However, some shows are just so derivative, you can’t imagine for a second that they’re actually trying to do something new, rather than simply showing you something so familiar and comfortable, you’ll just watch them out of habit, assuming that you’ve missed an episode or something and the cast all have new haircuts.

And so we have Blindspot, a show so familiar you’re probably picking out chinaware together.

On the face of it, this shouldn’t be the case. It has a whole bunch of qualities that it probably thinks are unique. Except they’re not. Perhaps Blindspot’s blindspot is its massive derivativeness.

After all, how many shows do you know that see people with full body tattoos that give mysterious clues to plot revelations? Apart from Prison Break, of course.

And how many shows do you know where a mysterious stranger wakes up with no memory of who they are or what their name is, but who wants to find out - and they have a very special set of skills that will help them with that? Apart from John Doe, of course.

And how many shows do you know where it’s Jaimie Alexander (Sif from Thor, Marvel’s Agents of SHIELD) who’s the mysterious stranger waking up naked? Apart from (seasons 2-3) of Kyle XY, of course?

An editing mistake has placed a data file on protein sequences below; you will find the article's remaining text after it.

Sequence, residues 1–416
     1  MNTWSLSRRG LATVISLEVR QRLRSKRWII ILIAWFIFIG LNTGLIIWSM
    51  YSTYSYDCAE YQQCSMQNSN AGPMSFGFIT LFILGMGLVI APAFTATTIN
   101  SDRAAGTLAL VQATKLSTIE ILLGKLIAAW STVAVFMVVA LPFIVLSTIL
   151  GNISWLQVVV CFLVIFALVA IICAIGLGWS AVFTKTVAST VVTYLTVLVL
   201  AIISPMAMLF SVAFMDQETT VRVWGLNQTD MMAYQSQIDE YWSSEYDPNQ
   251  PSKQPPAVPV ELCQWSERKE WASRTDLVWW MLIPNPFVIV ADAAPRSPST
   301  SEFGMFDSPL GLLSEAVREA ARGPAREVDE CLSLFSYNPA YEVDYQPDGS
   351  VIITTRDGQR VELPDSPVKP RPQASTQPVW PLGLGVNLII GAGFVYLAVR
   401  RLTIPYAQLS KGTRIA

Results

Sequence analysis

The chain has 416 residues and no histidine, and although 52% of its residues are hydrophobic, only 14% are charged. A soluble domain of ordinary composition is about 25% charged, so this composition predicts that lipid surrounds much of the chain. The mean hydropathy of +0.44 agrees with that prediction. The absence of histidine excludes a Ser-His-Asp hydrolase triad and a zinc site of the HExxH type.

And how many NBC shows can you name where every week the heroes chase after some mysterious, diabolical criminal with just a few clues handed down ex nihilo to them by some even more mysterious man? Apart from The Blacklist, of course.

In fact, each seemingly unique aspect of Blindspot you’ll have seen already somewhere else, probably done better, and Blindspot adds nothing to them. Alexander’s fine now she doesn’t have to do a cod English accent and she gets to kick ass, speak Chinese and do all kinds of things implausible for someone who has amnesia but that look cool.

Sullivan Stapleton plays her FBI handler, recruited to look after this amazing new asset because she has his name tattooed on her back. He's a lot of fun as the kick ass dick Damien Scott in Strike Back.

He would be fine in this, too, if he actually had a character rather than a plot function. Unfortunately, all he has to do is growl, pull faces and wave guns, since it's pretty hard to have chemistry with someone who has no memories.

But that’s basically it. You already know how it’s going to play out. Each week, they’ll find a new tattoo that’s a clue to a crime they have to stop. Alexander will kick some ass and maybe reveal a new talent. Stapleton will probably shoot someone or do something that will enable Alexander to look good. And there’ll be a gradual drip, drip, drip of clues as to who Alexander really is that will make ultimately make even less sense than the idea that someone would wipe Alexander’s memories then tattoo her with clues to future crimes, rather than simply tell the FBI all he knows.

I like both Alexander and Stapleton, but unfortunately this is just generic NBC action at its very dullest. The action's generic, the story's generic, the ensemble set up is generic. Get your DVDs out and you'll almost certainly find something better.